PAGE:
*$14.2bn industry waiting to be tapped
20 September 2017, Sweetcrude, London — The Director-General of the Nigerian Maritime Administration and Safety Agency (NIMASA), Dr. Dakuku Peterside has said that with the potential of the African maritime sector, competitive operating environment, proper regulation, incentives and infrastructural development; Africa would be the next maritime investment haven.
Speaking at the ongoing Africa Maritime Summit held during the London International Shipping Week 2017 in the United Kingdom, Peterside also said Africa’s share of import and export via world container throughput is on the increase on an annual basis.
Peterside, whose paper titled theme “Promoting Sustainable Investment and Financing In Africa’s Shipping & Maritime Industry” regretted the fact that Africa is still not a major player globally in maritime trade because of lack of strategic attention to the sector and pointed out that despite operating one of the largest ship registries in the world in Liberia.
He noted that Africans do not own vessels to match the corresponding statistics of the large registry
He said “We are not among top ten ship owning countries, we are not suppliers of maritime professionals and we are also not a ship financing continent.
“While an African country is among top 10 global ship registries because Liberia operates an open registry, Africans do not own vessels.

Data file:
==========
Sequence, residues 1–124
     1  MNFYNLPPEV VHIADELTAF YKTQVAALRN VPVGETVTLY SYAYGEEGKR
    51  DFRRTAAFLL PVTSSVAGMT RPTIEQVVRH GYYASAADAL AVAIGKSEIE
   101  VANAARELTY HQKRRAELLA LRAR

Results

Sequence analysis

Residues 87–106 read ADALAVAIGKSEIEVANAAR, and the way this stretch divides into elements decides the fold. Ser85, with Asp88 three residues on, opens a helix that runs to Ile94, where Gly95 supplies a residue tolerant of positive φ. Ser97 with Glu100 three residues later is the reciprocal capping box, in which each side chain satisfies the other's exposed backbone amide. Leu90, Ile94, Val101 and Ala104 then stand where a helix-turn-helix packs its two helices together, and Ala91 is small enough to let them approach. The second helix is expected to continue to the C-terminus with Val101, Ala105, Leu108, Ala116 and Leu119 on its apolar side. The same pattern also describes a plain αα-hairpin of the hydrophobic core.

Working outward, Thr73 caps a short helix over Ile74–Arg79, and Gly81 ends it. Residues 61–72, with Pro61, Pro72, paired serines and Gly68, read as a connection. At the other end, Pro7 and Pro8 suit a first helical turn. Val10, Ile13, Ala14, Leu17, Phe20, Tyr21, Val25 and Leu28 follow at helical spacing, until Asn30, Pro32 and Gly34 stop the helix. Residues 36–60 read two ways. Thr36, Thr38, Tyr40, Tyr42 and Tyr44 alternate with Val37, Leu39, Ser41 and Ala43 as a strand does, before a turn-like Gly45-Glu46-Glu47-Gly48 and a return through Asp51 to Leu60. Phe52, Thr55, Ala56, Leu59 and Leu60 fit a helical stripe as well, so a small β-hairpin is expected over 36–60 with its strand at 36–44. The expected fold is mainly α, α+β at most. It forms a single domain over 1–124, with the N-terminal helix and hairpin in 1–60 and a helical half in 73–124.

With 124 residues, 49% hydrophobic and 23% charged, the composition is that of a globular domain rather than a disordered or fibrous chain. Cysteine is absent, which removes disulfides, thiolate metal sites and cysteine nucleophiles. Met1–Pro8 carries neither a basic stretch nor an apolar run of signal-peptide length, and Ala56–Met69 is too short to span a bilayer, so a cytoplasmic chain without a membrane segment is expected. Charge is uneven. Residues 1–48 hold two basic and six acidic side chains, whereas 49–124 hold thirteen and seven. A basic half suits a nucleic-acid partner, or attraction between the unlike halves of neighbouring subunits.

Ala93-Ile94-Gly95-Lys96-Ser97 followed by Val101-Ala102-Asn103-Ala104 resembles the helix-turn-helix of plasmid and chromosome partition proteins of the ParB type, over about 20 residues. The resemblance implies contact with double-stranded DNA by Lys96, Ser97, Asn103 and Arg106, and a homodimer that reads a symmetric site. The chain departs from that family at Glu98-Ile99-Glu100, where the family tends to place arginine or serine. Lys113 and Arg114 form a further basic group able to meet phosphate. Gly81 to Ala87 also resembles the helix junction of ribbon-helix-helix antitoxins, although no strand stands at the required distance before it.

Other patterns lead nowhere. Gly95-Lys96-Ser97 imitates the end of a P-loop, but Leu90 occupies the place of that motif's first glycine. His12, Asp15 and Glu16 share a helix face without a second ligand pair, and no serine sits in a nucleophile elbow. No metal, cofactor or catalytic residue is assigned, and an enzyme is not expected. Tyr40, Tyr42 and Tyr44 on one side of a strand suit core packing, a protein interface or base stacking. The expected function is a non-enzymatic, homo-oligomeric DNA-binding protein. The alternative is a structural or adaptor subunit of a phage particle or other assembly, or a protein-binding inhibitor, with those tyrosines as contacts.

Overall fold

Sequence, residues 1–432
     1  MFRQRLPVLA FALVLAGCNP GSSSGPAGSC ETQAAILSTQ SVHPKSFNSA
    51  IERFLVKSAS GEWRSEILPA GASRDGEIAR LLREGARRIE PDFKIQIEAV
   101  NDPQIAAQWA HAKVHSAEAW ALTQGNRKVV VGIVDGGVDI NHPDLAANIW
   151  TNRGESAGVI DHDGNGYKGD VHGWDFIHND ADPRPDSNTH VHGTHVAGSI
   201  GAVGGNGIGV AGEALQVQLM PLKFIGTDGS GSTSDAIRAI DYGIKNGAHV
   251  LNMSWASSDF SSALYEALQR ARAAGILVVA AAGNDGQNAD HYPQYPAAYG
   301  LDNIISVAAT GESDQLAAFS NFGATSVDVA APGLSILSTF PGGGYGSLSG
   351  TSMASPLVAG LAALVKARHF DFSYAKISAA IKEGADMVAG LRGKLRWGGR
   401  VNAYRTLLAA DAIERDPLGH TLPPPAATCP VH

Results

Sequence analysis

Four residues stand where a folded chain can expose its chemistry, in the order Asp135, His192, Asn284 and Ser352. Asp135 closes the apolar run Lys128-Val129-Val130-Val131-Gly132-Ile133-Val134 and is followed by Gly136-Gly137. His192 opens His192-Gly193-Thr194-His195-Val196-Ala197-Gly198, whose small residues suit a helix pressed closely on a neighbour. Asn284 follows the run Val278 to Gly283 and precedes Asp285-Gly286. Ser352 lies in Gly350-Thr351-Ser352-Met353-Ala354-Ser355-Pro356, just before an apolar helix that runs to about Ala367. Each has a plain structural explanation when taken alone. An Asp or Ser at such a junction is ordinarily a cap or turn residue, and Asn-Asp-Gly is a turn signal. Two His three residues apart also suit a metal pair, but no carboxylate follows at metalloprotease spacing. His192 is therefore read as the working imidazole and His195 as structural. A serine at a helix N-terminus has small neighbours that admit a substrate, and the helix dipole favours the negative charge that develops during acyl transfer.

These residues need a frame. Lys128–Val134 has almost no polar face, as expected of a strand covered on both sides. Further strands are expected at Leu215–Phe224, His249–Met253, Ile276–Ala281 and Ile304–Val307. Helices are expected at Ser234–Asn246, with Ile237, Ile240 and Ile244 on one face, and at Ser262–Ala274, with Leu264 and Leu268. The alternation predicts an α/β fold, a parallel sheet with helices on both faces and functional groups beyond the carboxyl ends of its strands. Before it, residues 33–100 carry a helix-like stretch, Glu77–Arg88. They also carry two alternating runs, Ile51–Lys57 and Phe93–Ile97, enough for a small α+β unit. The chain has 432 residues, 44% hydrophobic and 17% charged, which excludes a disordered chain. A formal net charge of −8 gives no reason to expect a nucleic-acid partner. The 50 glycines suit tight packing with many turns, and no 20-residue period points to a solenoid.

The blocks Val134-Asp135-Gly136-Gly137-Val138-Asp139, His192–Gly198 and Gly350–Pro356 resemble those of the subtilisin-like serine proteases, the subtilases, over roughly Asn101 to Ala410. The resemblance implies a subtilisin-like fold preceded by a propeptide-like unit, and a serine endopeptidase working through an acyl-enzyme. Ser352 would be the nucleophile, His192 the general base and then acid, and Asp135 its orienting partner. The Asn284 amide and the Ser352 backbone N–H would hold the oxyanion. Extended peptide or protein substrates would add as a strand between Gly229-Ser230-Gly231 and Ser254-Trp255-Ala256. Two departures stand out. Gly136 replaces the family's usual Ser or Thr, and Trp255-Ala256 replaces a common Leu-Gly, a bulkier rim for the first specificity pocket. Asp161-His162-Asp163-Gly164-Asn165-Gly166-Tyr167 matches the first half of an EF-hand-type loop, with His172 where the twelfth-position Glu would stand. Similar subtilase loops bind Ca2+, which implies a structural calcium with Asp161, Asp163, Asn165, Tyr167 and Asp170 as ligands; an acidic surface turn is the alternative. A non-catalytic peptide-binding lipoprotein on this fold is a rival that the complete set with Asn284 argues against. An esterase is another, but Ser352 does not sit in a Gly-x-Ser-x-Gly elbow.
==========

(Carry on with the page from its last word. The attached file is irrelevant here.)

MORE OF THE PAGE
‘In fact, African countries pay 40%-70% more freight on imports and exports due to poor infrastructure, a high cost of insurance, piracy, low vessel owning capacity and poor ship connectivity”.
The NIMASA boss also noted that Ship or Vessel building as well as repairs and maintenance activities are near zero contribution to GDP of the continent and urged African countries to invest in maritime infrastructure, cooperate among themselves and explore a continental Cabotage regime as recommended in the African Maritime Transport Charter for the benefit of intra continent trade.
He explained that 38 of 54 African nations are either coastal or island states noting that the continent is one of the most endowed continents in terms mineral resources with 27% of the World’s arable lands.
“Because of our coastline of about 30,725km hosting 90 major ports and our arable lands, Africa will continue to export Agricultural produce. Marine Transport accounts for 92% of Africa’s external trades and import, but Africa handles only 6% of global seaborne traffic with 6 ports in Egypt and South Africa handling 50% of this volume” he said.
Peterside pointed out that to advance the Intra-Continent trade accounts; countries must invest in new ports and terminals infrastructure, shipbuilding, recycling, ownership and maintenance which are conservatively estimated at $14.2 billion annually.
He further stated that there was the need for a robust financing regime of the requirements for 13 Sub-Saharan Africa countries transport infrastructure, which is estimated to be $6.4 Billion and advised countries around the continent to address the acute dearth of relevant professionals in the sector.